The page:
Biophilic Design: A Novel Approach to Understanding Architecture’s Core

Biophilic Design: A Novel Approach to Understanding Architecture’s Core

The term “Biophilia” was created and adopted in the architectural field at the start of the twenty-first century to highlight the emotional component of people’s desires for connections with the natural world inside of buildings. To fulfill this desire for “nature” in building, the biophilic design was put forth as some design direction. 

Why certain structures function better than others in terms of their connection to nature is explained by the biophilic design. This connection to nature offers a variety of advantages in dwelling, working, learning, entertaining, and healthcare situations.

Designing with a Biophilic Approach: From Theory to Practice



Erich Fromm, a social psychologist, developed the expression “Biophilia” to denote the “love of life,” which, he believed, to explain essential characteristics of living things: the ability to survive in the face of inevitable death and a desire to integrate well with others. Twenty years after it was initially put forth, the hypothesis of biophilia only lately earned great acceptance. 

Edward Wilson, a biologist, and naturalist, stressed that biophilia is “the innately emotional affiliation of human beings to other living organisms,” in which the “innate tendency” represents the characteristics of “hereditary,” while acting as a “learning rule,” it offers an illuminating perspective from which to understand nature. Throughout the 1990s, the concerns of the biophilia theory have changed from its initial focus on life or living organisms to investigating the interaction between people and their environment.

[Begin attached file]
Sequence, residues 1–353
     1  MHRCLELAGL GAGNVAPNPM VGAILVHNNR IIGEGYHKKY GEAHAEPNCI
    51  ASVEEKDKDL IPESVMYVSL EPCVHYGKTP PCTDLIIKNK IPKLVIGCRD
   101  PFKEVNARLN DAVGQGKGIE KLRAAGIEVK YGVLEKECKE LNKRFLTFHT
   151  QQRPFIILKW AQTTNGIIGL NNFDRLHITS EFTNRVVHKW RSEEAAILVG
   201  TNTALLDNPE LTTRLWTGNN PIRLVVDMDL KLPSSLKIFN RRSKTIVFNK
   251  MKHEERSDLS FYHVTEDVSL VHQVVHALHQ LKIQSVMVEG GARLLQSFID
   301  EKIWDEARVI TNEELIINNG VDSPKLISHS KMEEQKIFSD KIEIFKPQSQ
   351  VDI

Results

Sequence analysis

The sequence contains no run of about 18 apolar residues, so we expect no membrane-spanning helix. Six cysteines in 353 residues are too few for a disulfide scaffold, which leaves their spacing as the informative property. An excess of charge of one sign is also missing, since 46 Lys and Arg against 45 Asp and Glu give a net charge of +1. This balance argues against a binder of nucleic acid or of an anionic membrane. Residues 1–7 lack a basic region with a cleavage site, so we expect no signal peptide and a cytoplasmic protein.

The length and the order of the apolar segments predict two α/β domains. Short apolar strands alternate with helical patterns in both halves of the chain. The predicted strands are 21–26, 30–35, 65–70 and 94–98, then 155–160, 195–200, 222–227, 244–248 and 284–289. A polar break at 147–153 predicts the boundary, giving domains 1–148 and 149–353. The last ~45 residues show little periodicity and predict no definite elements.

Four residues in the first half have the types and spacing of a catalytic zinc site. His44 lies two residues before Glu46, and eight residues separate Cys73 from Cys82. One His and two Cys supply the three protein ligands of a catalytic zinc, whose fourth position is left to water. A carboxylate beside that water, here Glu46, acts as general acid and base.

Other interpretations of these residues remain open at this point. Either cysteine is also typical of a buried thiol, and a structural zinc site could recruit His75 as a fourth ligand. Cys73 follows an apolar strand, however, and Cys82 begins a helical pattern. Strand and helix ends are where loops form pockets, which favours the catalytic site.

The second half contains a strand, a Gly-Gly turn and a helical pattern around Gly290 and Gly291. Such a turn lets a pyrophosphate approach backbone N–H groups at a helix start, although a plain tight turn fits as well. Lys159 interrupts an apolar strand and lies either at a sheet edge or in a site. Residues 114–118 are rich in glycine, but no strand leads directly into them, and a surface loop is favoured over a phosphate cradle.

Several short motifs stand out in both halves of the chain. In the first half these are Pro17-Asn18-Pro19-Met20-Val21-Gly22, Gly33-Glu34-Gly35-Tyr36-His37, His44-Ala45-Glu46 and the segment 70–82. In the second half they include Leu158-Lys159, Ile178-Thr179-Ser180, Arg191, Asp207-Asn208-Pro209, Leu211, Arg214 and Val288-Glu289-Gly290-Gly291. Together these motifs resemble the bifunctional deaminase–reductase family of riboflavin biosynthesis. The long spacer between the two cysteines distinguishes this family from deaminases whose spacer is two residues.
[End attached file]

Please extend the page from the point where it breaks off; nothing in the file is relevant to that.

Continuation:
In conclusion, there are two fundamental justifications for researching biophilic design. First, it’s commonly acknowledged that the modern constructed environment has a longing for “nature”. Hence, it’s crucial to offer frameworks for understanding “nature” in architecture. Second, many “nature-inspired” design ideas are criticised as “green-washing” or “placebo” tactics. So, additional research should be done to determine how they affect sustainable architecture.


Sustainable Architecture through Biophilic Design



The idea of sustainability has received a great deal of attention in the world of architecture since the 1990s. Diverse sustainable approaches–such as the use of energy-efficient, high or low-tech, and vernacular strategies, the analogization of nature and natural systems for design inspiration, or the adoption …


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